Current systems are protected by encryption standards such as RSA and AES. Their resilience is based on the inability to “break” a long string from a random number generator (RNG). Today’s RNGs, however, lack true, verifiable randomness; the numbers being generated aren’t as unpredictable as thought, and, as result, such RNGs have been the point of failure in a growing number of cyberattacks. To add to this, the potential threat of quantum attacks is now raising the stakes further, incentivising criminals to steal encrypted data passing over the internet, with a view to decrypting it later using quantum computers. So-called “hack now, decrypt later” attacks. 

Quantum Origin is a cloud-hosted platform that protects against these current and future threats. It uses the unpredictable nature of quantum mechanics to generate cryptographic keys seeded with verifiable quantum randomness from Quantinuum’s H-Series quantum computers, Powered by Honeywell. It supports traditional algorithms, such as RSA (Rivest–Shamir–Adleman) or AES (Advanced Encryption Standard), as well as post-quantum cryptography algorithms currently being standardised by the National Institute for Standards and Technology (NIST).  

“When we talk about protecting systems using quantum-powered technologies, we’re not just talking about protecting them from future threats. From large-scale takedowns of organisations, to nation state hackers and the worrying potential of ‘hack now, decrypt later’ attacks, the threats are very real today, and very much here to stay. Responsible enterprises need to deploy every defense possible to ensure maximum protection at the encryption level today and tomorrow.”

Duncan Jones, head of cybersecurity at Cambridge Quantum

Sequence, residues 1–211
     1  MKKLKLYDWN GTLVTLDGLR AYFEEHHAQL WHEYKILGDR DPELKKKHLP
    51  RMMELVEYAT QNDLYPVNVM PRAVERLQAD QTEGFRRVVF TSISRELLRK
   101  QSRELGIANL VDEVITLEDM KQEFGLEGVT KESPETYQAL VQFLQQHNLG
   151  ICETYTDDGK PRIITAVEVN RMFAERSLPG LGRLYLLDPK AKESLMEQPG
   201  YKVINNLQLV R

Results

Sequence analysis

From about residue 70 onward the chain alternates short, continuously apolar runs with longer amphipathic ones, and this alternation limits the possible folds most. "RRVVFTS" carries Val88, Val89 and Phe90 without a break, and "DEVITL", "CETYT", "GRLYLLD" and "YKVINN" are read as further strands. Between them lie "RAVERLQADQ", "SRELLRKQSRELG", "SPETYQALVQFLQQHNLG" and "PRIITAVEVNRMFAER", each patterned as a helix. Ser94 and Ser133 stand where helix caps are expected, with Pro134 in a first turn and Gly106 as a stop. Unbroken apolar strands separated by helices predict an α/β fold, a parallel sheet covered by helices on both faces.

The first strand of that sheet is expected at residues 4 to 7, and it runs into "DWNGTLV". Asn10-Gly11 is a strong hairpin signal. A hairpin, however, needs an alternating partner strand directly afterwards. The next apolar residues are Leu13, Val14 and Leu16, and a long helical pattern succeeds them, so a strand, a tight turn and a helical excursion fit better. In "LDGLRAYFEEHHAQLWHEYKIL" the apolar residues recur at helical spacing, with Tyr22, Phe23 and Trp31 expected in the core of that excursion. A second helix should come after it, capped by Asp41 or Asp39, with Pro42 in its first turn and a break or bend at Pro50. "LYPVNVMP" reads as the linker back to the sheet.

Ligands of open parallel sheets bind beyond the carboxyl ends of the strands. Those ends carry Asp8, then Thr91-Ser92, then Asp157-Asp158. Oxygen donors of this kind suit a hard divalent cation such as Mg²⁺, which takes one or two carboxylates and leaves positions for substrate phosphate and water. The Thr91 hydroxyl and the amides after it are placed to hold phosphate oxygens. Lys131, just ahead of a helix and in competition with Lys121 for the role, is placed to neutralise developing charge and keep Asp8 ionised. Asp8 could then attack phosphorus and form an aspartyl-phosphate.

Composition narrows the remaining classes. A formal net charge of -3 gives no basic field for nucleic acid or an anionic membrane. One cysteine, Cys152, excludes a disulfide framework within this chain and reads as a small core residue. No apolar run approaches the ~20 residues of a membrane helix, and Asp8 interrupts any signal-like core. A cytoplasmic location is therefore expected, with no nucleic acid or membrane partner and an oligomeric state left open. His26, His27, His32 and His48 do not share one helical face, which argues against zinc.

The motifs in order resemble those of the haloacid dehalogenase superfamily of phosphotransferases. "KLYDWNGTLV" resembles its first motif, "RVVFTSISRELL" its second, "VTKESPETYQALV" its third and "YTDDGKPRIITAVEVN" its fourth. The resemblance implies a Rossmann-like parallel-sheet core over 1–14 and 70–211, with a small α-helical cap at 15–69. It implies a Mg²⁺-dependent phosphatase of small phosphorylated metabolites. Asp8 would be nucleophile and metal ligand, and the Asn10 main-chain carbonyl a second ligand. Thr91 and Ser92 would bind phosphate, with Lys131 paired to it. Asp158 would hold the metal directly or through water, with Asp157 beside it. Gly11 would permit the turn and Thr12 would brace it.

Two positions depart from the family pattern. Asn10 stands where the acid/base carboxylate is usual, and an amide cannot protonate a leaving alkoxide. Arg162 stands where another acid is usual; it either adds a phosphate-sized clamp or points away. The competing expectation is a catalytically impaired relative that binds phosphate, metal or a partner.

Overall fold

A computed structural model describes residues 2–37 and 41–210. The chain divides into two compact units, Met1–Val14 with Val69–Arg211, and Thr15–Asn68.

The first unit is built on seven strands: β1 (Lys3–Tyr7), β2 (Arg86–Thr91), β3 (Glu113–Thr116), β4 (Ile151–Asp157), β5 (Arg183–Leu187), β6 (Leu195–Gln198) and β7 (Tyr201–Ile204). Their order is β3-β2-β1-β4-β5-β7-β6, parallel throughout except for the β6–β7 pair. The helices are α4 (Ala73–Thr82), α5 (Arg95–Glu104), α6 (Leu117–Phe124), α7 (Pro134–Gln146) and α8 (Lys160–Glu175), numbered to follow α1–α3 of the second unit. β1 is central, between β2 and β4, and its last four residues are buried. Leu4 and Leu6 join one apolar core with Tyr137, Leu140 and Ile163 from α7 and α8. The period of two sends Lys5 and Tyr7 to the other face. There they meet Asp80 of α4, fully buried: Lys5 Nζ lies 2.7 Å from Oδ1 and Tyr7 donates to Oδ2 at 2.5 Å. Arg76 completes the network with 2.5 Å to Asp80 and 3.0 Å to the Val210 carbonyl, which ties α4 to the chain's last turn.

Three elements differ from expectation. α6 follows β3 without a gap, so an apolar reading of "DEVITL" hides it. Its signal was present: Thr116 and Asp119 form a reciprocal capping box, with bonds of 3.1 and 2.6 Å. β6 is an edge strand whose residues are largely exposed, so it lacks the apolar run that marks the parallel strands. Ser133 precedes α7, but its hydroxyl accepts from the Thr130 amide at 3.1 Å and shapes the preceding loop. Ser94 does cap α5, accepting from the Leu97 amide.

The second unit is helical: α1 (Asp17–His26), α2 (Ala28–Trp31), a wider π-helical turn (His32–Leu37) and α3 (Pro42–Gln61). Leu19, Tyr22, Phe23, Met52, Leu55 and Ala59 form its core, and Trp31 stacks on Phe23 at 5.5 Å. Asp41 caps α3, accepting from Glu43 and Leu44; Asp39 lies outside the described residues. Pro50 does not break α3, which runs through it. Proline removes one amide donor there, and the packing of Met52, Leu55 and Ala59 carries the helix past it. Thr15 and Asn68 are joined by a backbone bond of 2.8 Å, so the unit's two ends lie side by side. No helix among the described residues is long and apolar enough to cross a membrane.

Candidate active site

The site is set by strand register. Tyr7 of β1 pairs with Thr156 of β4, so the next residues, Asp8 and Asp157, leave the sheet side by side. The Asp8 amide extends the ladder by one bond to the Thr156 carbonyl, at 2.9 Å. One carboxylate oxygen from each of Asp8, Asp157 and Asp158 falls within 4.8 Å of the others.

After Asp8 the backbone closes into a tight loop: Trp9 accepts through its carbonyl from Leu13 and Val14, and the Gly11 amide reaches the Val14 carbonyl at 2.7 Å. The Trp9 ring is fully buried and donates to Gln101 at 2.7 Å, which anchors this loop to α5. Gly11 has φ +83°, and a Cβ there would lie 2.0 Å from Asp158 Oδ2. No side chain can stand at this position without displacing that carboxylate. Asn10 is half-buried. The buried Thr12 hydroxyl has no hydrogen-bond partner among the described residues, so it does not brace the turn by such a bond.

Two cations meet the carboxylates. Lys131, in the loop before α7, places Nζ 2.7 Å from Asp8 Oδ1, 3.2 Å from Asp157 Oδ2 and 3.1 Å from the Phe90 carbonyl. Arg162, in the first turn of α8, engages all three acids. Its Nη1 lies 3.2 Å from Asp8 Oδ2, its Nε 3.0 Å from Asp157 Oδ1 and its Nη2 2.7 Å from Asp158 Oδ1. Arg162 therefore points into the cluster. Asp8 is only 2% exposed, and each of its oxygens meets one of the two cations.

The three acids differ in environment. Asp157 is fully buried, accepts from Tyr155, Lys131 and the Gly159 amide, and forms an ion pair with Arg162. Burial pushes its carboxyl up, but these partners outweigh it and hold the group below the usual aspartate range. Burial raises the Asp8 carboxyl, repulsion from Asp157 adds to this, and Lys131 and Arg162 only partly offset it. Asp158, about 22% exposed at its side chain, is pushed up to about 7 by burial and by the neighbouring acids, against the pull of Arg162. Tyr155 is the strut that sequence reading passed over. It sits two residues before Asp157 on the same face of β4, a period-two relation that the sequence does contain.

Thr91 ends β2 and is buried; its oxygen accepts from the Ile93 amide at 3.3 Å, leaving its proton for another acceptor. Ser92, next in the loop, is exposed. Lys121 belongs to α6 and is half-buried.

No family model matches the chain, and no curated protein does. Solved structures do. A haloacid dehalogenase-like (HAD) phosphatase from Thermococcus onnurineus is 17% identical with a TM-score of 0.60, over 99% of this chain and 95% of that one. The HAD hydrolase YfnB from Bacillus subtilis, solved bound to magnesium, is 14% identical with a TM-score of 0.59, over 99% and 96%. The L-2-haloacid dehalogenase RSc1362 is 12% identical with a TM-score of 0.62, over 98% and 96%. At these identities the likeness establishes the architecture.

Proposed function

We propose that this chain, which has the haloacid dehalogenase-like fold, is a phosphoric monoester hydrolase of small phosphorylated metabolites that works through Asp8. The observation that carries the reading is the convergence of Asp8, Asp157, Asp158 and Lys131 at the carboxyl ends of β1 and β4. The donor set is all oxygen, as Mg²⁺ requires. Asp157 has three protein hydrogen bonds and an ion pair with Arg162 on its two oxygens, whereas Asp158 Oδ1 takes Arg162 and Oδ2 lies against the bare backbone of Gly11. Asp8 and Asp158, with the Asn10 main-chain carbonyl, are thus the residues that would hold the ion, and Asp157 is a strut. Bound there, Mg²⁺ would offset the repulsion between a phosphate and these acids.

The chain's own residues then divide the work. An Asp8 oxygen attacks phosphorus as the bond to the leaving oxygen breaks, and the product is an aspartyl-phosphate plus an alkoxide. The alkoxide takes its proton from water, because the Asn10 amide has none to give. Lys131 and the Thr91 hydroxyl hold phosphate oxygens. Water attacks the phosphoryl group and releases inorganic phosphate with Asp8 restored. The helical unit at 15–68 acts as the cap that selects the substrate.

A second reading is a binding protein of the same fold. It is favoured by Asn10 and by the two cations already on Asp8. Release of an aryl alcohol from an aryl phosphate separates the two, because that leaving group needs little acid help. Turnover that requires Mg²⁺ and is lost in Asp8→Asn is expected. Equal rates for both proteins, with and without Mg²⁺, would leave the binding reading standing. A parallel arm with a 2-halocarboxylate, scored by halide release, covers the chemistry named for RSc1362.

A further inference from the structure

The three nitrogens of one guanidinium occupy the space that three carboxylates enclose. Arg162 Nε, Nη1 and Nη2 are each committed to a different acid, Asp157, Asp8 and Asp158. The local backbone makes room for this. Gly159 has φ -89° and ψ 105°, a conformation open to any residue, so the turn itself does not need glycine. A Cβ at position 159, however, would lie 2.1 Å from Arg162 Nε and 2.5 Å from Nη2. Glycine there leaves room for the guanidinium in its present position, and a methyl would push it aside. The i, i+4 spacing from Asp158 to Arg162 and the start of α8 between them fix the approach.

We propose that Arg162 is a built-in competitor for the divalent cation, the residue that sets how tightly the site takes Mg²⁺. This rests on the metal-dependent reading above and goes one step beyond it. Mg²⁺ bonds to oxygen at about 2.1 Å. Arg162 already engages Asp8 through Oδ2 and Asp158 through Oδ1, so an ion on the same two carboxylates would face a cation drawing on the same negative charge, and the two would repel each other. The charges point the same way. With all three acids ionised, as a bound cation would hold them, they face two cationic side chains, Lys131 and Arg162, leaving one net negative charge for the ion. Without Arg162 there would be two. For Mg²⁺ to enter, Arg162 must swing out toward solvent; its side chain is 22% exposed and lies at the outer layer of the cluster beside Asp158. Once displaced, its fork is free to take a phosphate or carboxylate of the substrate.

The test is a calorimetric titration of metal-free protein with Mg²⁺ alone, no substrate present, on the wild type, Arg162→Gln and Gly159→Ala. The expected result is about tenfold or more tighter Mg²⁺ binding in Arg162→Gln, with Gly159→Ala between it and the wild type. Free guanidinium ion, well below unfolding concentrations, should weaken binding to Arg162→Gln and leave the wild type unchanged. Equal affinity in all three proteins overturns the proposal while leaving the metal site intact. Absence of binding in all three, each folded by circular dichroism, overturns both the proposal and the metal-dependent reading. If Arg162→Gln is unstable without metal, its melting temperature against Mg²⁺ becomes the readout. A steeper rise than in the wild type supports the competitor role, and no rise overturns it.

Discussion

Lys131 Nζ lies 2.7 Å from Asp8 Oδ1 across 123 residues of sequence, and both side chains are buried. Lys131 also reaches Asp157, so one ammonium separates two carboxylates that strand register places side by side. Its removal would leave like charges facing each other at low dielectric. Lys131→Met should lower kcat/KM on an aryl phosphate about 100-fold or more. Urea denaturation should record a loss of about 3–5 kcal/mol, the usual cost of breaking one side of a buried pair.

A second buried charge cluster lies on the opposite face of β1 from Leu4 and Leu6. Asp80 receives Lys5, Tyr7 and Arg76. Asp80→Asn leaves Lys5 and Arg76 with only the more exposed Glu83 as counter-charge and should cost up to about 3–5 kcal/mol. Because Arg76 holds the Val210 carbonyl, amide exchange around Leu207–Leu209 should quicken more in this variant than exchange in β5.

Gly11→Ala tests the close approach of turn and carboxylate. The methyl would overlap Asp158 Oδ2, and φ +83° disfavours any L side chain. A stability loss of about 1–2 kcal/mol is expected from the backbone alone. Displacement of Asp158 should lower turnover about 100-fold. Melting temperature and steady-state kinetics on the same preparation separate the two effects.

Quantum-enhanced keys on demand

Duncan Jones, head of cybersecurity at Cambridge Quantum

With Quantum Origin, when an organisation requires quantum-enhanced keys to be generated, it can now make a call via an API. Quantum Origin generates the keys before encrypting them with a transport key and securely relaying them back to the organisation. To give organisations a high level of assurance that their encryption keys are as unpredictable as possible, Quantum Origin tests the entire output from the quantum computers, ensuring that each key is seeded from verifiable quantum randomness. 

These keys are then simple and easy to integrate within customers’ existing systems because they’re provided in a format that can be consumed by traditional cybersecurity systems and hardware. This end-to-end approach ensures key generation is on-demand and is capable of scaling with use, all while remaining secure. 

Quantum Origin in the wild

Quantum Origin keys should be used in any scenario where there is a need for strong cybersecurity. At launch, CQ will offer Quantum Origin to financial services companies and vendors of cybersecurity products before expanding into other high priority sectors, such as telecommunications, energy, manufacturing, defence and government.

The technology has already been used in a series of projects with launch partners. Axiom Space used Quantum Origin to conduct a test of post-quantum encrypted communication between the ISS and Earth — sending the message “Hello Quantum World” back to earth encrypted with post-quantum keys seeded from verifiable quantum randomness. Fujitsu integrated Quantum Origin into its software-defined wide area network (SDWAN) using quantum-enhanced keys alongside traditional algorithms.

Close up of the hardware devices from Honeywell, or now Quantinuum, which is the emergence of Cambridge Quantum and the Honeywell Quantum division. The hardware technology is based around Ion Traps, which are proving a popular qubit technology for a number of companies including IonQ, Universal Quantum amongst others.

Read More about Quantum Origin from CQ / Quantinuum.